Well, now that you're learned how to use lots of source files, objects, and libraries to build large programs, how are you ever going to manage them all? How will you remember all the commands and options you'll need to remember to build it? Fortunately, you don't have to. DJGPP (and most development systems) include a program that manages your projects for you. If you are using RHIDE, this is the project definition, which is managed through RHIDE's menus (and is documented in RHIDE's documentation). There is also a stand-alone program called make that keeps track of how to make your program from the sources (hence the name). The file that contains the instructions for make is called a makefile (and is usually called makefile).
The syntax of a makefile is deceptively simple (GNU make includes a lot of extensions, functions, and tricks that can make makefiles almost as complex as your source). You can have two kinds of commands (besides comments) - variable definitions and rules. A variable definition can be a simple thing, like this:
OBJECTS = main.o foo.o bar.o math3d.o graphics.oThey can get pretty complicated also (see the make reference manual) but for now we'll stick to the simple cases.
The more interesting command is a rule, which tells make what it's making, what it's made from, and how to make it. Consider this example:
main.o : main.c gcc -c main.c
Note that the line with gcc is prefixed by a tab - a real tab character, not eight spaces! Many DOS editors will insert eight spaces when you hit the TAB key, instead of just inserting a tab. If you get a "missing separator" error, that's what happened to you.
Anyway, in this example rule there are three parts: The target, the dependencies, and the commands (well, command). The target is the thing that we want to make. In this case, we want to make the file main.o. Next, after the target (and the colon, which separates targets from dependencies), we list the depenencies - the files that the target depends on. In this case, main.o needs to be rebuilt whenever main.c changes, so we list main.c as a dependency. The last part of the rule is the command that make should run in order to make the target from the depenencies. In this case, we list the gcc command to compile main.c into main.o. Note that you may list as many commands as required, as long as you don't leave a blank line and all commands start with a tab.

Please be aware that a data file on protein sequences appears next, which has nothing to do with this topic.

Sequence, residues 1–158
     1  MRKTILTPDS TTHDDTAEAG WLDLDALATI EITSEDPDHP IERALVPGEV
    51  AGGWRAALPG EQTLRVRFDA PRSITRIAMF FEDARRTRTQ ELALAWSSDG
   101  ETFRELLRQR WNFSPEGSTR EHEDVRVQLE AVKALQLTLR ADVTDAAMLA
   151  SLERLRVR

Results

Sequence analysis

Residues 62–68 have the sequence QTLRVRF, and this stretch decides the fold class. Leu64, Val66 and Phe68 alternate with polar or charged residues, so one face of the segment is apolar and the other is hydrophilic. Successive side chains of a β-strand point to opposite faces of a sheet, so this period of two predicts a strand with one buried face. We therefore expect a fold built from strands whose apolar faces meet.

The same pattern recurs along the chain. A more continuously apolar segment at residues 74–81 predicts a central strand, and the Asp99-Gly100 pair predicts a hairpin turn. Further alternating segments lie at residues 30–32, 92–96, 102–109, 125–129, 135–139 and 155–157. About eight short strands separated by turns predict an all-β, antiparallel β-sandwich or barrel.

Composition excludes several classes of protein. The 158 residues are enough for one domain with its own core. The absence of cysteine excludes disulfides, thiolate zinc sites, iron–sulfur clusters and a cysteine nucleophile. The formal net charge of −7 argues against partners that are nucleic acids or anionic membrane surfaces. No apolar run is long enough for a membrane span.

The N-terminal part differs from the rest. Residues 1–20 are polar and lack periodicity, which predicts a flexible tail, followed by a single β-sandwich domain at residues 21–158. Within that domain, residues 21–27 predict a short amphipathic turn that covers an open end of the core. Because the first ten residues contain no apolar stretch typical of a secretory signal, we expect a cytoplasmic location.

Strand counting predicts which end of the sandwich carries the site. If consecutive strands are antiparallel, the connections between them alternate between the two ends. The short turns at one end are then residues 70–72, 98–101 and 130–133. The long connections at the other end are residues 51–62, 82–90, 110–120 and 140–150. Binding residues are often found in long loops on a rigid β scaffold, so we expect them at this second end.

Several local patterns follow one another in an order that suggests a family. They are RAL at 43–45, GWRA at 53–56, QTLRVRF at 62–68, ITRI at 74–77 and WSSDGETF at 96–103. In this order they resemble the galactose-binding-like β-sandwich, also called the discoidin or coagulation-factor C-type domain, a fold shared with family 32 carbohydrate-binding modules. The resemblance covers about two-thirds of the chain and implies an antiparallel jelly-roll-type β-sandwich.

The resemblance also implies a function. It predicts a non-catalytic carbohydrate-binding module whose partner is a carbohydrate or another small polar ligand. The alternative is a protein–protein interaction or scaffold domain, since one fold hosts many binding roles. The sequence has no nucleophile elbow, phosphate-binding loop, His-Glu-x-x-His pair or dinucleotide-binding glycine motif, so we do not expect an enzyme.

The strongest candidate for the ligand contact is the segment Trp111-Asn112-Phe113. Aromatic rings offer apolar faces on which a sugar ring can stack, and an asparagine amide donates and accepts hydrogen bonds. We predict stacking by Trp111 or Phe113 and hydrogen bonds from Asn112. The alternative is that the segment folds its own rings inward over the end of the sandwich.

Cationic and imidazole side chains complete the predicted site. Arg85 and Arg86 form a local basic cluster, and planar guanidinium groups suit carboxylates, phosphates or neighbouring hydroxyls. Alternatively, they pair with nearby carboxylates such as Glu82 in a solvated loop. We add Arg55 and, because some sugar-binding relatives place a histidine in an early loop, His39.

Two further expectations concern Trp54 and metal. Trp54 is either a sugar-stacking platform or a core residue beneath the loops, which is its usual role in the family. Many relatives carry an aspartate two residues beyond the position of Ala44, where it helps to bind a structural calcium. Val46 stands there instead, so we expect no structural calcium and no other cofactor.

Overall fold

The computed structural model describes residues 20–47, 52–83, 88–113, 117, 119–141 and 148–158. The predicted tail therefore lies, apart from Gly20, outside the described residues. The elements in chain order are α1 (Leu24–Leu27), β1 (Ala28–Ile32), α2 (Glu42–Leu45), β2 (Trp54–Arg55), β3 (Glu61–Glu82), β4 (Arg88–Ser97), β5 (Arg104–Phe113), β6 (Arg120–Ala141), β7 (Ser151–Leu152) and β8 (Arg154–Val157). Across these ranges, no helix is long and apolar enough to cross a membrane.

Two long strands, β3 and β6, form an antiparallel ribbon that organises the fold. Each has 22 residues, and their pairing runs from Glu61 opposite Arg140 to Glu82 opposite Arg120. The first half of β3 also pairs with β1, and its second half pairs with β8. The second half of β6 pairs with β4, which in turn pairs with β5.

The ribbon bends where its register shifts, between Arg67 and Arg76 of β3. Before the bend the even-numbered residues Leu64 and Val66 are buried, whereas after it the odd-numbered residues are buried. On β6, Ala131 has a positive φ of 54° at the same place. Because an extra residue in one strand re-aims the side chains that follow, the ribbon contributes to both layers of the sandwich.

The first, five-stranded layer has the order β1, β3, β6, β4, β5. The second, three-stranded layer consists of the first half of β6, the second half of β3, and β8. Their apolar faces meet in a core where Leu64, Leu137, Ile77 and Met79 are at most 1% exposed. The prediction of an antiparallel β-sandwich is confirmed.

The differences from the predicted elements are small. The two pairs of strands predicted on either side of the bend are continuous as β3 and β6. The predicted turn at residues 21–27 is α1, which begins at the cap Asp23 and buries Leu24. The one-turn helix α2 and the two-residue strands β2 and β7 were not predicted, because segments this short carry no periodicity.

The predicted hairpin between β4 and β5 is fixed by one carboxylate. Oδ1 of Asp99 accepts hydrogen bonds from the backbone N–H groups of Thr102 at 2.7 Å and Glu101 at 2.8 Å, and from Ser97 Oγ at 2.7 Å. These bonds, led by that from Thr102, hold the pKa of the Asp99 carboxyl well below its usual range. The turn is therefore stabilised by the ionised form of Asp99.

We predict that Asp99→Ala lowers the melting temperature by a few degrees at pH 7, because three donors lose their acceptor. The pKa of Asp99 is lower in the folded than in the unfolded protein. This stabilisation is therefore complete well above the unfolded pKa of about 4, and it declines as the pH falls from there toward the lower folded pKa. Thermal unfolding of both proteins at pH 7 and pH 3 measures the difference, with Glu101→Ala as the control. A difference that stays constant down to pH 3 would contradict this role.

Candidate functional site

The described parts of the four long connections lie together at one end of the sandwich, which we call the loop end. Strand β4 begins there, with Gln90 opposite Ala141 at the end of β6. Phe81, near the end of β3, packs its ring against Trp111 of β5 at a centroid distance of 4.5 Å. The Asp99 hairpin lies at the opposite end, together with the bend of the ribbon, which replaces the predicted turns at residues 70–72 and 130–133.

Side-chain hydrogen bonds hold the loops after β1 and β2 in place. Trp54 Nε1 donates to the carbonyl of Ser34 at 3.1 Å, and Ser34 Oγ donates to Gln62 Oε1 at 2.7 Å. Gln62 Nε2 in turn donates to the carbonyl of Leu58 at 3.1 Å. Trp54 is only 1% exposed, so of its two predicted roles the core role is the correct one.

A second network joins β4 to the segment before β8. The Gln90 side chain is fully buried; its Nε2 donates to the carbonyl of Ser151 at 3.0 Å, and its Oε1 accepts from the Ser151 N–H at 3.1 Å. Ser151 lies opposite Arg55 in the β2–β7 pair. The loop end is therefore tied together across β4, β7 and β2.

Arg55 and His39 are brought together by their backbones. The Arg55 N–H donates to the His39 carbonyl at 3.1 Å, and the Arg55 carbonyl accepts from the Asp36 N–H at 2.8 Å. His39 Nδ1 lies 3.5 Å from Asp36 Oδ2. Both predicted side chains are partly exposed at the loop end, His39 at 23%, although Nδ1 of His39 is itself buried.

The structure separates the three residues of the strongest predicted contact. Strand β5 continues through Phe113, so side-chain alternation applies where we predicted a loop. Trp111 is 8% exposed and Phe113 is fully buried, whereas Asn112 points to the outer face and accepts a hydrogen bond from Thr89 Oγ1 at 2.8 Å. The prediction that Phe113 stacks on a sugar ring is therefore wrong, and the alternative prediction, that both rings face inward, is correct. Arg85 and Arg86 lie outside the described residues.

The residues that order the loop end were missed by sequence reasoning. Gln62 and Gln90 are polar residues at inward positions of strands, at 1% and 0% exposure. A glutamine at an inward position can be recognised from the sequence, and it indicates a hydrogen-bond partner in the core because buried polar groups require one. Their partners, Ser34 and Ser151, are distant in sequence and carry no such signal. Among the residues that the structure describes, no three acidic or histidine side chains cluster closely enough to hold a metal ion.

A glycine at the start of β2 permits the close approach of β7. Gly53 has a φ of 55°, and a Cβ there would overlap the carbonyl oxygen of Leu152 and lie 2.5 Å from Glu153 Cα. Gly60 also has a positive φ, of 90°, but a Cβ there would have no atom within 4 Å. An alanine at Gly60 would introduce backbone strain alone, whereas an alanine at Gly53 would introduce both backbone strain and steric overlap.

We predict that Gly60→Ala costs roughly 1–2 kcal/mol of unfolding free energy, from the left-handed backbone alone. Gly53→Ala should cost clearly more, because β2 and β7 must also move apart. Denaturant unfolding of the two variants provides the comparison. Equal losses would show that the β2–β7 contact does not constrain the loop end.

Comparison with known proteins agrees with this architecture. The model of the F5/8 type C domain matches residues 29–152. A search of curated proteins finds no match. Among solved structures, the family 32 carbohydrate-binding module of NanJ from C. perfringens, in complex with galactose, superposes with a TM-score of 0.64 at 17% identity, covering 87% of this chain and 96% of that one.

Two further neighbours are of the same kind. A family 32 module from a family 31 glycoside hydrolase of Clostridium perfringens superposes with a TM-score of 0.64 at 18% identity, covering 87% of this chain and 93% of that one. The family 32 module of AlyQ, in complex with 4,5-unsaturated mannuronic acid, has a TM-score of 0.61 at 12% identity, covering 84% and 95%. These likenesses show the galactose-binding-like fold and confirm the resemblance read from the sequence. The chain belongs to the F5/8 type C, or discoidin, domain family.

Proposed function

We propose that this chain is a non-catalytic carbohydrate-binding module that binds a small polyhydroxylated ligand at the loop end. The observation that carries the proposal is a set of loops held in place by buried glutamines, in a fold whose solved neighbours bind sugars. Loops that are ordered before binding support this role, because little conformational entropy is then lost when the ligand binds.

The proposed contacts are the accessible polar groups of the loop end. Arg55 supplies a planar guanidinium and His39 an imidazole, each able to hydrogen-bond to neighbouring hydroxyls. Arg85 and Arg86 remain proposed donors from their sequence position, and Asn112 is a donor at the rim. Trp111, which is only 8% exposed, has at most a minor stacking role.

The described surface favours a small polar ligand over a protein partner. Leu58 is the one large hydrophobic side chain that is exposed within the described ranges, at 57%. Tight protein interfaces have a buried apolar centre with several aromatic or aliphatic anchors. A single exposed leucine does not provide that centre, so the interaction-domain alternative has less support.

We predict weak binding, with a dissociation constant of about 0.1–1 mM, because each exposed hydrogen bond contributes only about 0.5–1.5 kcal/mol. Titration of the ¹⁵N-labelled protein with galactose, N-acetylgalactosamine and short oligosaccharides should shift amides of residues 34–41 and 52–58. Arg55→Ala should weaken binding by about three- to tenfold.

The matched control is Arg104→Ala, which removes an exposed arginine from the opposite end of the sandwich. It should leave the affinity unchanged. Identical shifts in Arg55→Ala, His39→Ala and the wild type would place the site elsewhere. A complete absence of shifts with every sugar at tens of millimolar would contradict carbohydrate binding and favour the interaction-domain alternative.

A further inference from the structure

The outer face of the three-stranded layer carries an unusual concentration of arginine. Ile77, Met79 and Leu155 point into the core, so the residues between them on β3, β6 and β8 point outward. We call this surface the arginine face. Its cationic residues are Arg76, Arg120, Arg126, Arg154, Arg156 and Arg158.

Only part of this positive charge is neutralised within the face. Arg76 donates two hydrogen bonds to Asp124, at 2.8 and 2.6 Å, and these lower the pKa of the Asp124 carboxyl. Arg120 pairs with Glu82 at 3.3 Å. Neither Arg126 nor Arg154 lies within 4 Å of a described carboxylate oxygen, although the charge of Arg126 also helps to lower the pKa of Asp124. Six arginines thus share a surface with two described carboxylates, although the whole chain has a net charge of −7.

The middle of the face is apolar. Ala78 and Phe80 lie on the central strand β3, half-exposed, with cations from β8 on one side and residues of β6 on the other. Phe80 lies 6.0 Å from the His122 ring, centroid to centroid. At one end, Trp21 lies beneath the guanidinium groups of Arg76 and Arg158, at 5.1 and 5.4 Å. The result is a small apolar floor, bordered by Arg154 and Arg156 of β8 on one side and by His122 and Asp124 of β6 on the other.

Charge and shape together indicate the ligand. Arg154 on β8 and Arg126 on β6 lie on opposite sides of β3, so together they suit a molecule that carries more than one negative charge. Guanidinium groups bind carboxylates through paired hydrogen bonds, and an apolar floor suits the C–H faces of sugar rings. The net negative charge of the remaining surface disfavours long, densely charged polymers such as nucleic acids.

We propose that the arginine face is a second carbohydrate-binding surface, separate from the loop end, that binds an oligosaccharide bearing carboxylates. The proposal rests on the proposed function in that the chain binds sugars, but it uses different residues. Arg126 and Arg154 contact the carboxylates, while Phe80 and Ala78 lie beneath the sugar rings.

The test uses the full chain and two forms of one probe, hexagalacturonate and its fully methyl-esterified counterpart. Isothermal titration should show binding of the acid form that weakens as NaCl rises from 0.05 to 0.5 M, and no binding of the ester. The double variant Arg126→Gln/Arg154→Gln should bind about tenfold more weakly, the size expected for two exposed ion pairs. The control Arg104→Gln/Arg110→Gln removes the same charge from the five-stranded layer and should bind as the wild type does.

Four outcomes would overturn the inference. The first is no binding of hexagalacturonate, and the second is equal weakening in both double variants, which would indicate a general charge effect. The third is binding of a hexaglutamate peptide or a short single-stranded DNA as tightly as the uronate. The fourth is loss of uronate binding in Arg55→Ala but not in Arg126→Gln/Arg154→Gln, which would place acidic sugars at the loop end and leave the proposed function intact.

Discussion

Makefiles may (and often do) contain many variables and rules. Here's a Makefile we'd use for our sample program:
main.exe : main.o foo.o gcc main.o foo.o -o main.exe main.o : main.c gcc -c main.c foo.o : foo.c gcc -c foo.c
To use this makefile, you run the make program, like this:
Pretty simple, yes? The make program knows to look for a file called Makefile or makefile. If you used a different name, run it like this: "make -f makefile.djg".
Note that make always starts with the first rule it sees, in this case the one for main.exe, and tries to build that first. As it find dependencies, it checks to see if those need to be updated. Based on the makefile above, make will run these three commands the first time you call it:
gcc -c main.c gcc -c foo.c gcc main.o foo.o -o main.exe
However, if you then edit foo.c and run make again, it will only run these commands:
gcc -c foo.c gcc main.o foo.o -o main.exe
It doesn't recompile main.c because it knows that it doesn't have to. In a big project, that could save you a lot of time.
Our example makefile didn't use any variables. Let's include some, to see if it help us out:
CC = gcc CFLAGS = -g -O2 OBJECTS = main.o foo.o main.exe : $(OBJECTS) $(CC) $(CFLAGS) $(OBJECTS) -o main.exe main.o : main.c $(CC) $(CFLAGS) -c main.c foo.o : foo.c $(CC) $(CFLAGS) -c foo.c
This makefile looks a lot like the old makefile, except that a lot of the commands have been replaced with variable substitutions. What make does is replace the variables with their variables in the target, dependency, and command sections of the rules. That lets you specify some things in one place to make it easier to maintain. In our example, we use $(CC) to specify the compiler, so we could set it to something else if we wanted to without having to change the whole makefile.
Here's another trick that GNU make can let you do. In the above makefile, we had to include the rule for compiling sources into objects twice - once for each source file. That could get tiresome when we have dozens of sources, so let's define a pattern instead. This pattern will be used whenever make needs to compile any source:
%.o : %.c $(CC) $(CFLAGS) -c $<
Here, we have used the percent (%) character to denote that part of the target and dependency that matches whatever the pattern is used for, and the $< is a special variable (imaging it like $(<)) that means "whatever the depencies are". Another useful variable is $@, which means "the target". Our Makefile now looks like this:
CC = gcc CFLAGS = -g -O2 OBJECTS = main.o foo.o main.exe : $(OBJECTS) $(CC) $(CFLAGS) $(OBJECTS) -o main.exe %.o : %.c $(CC) $(CFLAGS) -c $<
Now, if we need to add more source files, we only have to update the line that defines the OBJECTS variable!
Note that make is pretty smart about a lot of things already, like how to build object files. In our above example, we could have left out the last rule completely! The fact that we chose CC and CFLAGS as names was no coincidence, since those are the variables that make's built-in rules use. To see a list of all the built-in rules, consult the make documentation or run "make -p"
The reference manual for make (run "info make") contains many more examples and nifty tricks for building makefiles, but this section covered the bare minimum that you'll need to know to manage your projects with make.
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